When comparing two samples with the same pigmentation, but different degrees of gloss, the one with the higher degree of gloss is visually perceived as darker and more saturated than the matte sample. For this reason, it is very important to measure both surface effects separately.
Otherwise, the visible difference may be interpreted as a difference in color, although the real difference is in the gloss. For the manufacturer, the changes necessary to adjust the color are different from a gloss correction. The hue (color) is influenced mainly by the type or amount of pigmentation. Gloss is dependent on the utilized matting agents and baking temperature.
The images in Figure 1 illustrate how light is reflected off surfaces of differing gloss. On the first surface, part of the incident light ray is directly reflected and is influencing the image forming quality of the surface, i.e., how glossy and brilliant a surface appears. In the case of smooth, high gloss surfaces, the law of reflection is valid: angle of illumination = angle of reflection. The image of a reflected object can be seen distinctly. In the case of rougher surfaces, the light is not only reflected in the direction of specular reflection, but also diffusely reflected in other directions.
The angle of illumination highly influences the measurement results. In order to evaluate the whole range from high-gloss to matte surfaces, three different angles of illumination are defined, which means three different measuring ranges (Fig. 2).
In order to differentiate the gloss of the samples, it is necessary to select the appropriate measuring geometry. First, the test specimen is measured with the 60° geometry. The 60° geometry should be used if the gloss reading is between 10 and 70 units. If the 60° gloss is higher than 70 units, the 20° geometry will be advantageous. If the 60° gloss is lower than 10 units, the 85° geometry should be used.
The part of the incident light which is not directly reflected penetrates the coating and is absorbed or diffusely scattered by the pigments within the mass of the material. This scattered light exits the coating and is uniformly scattered in all directions. The diffused component causes the color impression.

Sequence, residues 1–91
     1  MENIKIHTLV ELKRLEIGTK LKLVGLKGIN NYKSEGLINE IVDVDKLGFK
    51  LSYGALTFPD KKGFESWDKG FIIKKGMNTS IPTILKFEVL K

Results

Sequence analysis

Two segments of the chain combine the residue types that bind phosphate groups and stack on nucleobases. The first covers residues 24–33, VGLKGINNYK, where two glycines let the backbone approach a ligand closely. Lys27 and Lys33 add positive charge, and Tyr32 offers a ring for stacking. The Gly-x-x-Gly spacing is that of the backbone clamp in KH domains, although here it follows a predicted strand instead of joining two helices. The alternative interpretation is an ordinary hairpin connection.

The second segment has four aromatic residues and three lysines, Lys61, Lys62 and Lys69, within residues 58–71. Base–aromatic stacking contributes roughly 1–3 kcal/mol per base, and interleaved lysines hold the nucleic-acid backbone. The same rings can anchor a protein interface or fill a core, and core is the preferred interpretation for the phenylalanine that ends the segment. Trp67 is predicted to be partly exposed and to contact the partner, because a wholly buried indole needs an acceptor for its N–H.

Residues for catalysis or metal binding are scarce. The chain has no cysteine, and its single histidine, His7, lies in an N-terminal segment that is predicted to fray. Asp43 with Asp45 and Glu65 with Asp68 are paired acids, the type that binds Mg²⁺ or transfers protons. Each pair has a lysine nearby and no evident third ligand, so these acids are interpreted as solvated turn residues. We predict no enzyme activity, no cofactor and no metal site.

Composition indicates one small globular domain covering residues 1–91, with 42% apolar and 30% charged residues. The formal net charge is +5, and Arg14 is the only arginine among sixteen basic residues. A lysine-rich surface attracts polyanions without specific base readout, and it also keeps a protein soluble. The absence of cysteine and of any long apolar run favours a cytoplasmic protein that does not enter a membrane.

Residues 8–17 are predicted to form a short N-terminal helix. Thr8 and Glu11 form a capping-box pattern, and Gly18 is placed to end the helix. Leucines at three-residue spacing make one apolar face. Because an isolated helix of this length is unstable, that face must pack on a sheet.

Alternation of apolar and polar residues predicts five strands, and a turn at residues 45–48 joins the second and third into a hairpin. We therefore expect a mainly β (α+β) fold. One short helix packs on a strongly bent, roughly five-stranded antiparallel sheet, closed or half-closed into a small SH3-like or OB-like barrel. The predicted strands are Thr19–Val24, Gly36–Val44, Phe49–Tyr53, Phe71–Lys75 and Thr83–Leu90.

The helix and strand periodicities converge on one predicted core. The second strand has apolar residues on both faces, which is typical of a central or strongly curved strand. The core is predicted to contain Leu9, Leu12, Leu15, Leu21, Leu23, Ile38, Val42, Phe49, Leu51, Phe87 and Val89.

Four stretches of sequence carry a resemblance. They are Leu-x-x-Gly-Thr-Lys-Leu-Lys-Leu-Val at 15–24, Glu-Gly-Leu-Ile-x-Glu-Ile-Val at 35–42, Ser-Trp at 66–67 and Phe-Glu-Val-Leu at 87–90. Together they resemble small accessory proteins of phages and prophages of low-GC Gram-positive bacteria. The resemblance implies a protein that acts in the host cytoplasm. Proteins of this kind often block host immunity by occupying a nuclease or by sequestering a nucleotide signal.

Visual perception of color is very subjective and has shortcomings. One such shortcoming is that with increasing age, the eye gets fatigue and the lens turns yellowish; consequently, an elder person judges colors to be more red and more yellow. Secondly, our mood influences our color perception. Such things as bad traffic, an auto accident, or a disagreement may affect our visual impression differently than if we are in a good mood. It is also proven that color vision is dependent on gender. The inherited types of color vision defects are far more common in men than in women, with a sexlinked, recessive gene causing them. Men who inherit a single such gene will show some form of color deficiency. Women, on the other hand, must inherit the gene from both parents to be affected. Only about 0.5% of women have defective color vision, while approximately 8% of men will show some form of deficiency. The most common defect is the red/green blindness. One should take into consideration that the phrase “color blind” is misleading. Humans who see only shades of gray are very rare. Thus, the first step for an objective color control procedure is to standardize the observer.